In order to find the answer to a question concerning the operation and effectiveness of a Design Thinking process, it needs to be defined first. There are various methods to describe Design Thinking. These descriptions refer to stages of a process and what the results of these stages should be. To understand the Design Thinking term itself better, Hassi and Laakso (2011) conducted a deepened literature analysis concerning the use of DT in organisations. They observed that regardless of the description, Design Thinking is a concept consisting of three dimensions: Practice, Cognitive Approach, and Mindset.
- Human–centered approach – understanding the user; observation methods are important to understand a customer; co-operation with
the customer is necessary;
- Thinking by doing – iterative approach (repeatable, cyclic, based on many attempts and repeats); early and often prototyping is necessary
and favourable throughout the whole process;
- Visualizing – expressing yourself in other ways than words; perceived as necessary; this allows us to discover what we cannot see during
- Divergence–convergence approach – an expansion of scope followed by selection; Design Thinking is described as a process that broadens a point of view (by using creative and research method), and then narrowing thinking on key aspects (by using analytic methods);
- Collaborative work style – the use of a team consisting of many various people is important to solve complex problems.
COGNITIVE APPROACH contains:
- Abductive reasoning – the lack of need to prove that something works; by reasoning in this way, the designer moves from what already exists to what could exist, but is still non-existent; it is used when generating ideas; it plays a significant role in DT and is the initial condition of an “intelligent” design;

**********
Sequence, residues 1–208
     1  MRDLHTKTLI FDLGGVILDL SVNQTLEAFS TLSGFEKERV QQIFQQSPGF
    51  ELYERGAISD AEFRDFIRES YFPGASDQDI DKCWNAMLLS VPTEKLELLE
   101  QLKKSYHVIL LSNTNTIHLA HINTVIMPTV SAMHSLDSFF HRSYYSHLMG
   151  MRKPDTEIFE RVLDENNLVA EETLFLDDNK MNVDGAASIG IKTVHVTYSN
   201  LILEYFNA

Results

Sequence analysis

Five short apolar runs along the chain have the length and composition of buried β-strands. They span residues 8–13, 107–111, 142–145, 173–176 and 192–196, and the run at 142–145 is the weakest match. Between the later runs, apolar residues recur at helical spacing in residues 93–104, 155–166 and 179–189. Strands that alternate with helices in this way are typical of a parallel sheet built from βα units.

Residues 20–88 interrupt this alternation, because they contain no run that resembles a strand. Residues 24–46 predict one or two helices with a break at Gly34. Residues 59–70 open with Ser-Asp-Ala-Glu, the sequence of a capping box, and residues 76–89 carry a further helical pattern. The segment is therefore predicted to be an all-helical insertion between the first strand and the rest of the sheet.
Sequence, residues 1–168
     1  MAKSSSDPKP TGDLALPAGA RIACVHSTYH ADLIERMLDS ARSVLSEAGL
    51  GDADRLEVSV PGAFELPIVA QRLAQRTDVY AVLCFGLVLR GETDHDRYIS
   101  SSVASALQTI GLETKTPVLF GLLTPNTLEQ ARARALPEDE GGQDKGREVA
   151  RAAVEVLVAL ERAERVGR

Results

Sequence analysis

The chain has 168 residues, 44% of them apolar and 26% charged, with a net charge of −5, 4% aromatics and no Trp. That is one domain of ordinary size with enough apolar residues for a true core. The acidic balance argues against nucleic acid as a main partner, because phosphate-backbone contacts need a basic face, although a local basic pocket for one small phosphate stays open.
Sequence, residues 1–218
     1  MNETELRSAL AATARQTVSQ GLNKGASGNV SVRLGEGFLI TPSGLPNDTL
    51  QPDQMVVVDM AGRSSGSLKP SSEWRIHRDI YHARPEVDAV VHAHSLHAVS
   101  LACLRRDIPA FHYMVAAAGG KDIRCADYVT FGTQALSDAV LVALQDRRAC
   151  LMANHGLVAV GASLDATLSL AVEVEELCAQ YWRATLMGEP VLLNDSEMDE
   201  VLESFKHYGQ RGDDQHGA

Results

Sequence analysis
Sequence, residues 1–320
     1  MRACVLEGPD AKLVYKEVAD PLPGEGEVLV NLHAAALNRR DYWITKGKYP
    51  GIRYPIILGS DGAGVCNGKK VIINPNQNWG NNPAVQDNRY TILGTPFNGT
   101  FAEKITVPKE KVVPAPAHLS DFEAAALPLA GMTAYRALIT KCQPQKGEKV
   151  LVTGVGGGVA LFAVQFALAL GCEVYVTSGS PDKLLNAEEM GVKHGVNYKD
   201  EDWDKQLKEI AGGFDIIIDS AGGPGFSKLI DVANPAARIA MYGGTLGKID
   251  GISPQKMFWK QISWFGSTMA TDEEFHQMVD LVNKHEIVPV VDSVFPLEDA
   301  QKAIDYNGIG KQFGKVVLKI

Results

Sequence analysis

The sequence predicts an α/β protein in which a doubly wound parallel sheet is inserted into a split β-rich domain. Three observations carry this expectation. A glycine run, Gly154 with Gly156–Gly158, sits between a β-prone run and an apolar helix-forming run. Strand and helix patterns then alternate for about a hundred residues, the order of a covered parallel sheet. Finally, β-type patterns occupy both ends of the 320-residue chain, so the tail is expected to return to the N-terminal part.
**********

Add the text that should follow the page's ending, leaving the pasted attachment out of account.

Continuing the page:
- Reflective reframing [of the problem] – ability to look at a problem in a new way; ability to look at a problem from the point of view different than the initial one;
- Holistic view – a view on the whole of an elaborated issue, i.e. customer’s needs, users environment, society, etc.; the view on functional, emotional,
social, and cultural needs; showing a problem as a system instead of a single event;
- Integrative thinking – consists of identification of relevant aspects;
placing two (or more) opposite ideas or models next to each other and not choosing one “against” the other, but instead combining various elements; instead of thesis and anti-thesis: synthesis; Design Thinking creates a balance between business, technical issues, and human factors, combines reliability and validity, as well as analytic thinking with intuitive thinking.
- Experimental and explorative mindset – consists of increasing frequency of experimenting and testing, taking risks, crossing boundaries, and asking questions; puts stress on low fear against making mistakes and failures;
- Tolerance for ambiguity – in DT it is believed that uncertainty is a natural part of a process; acceptance of uncertainty and making brave actions despite uncertainty is important for success;
- Optimism – not subjecting to limits; Design Thinking is a pleasure of solving problems and finding opportunities in places where others do not see them while remembering about various limits;
- Future–oriented – long-term thinking; forecasting new scenarios; thinking about “what could be if...”.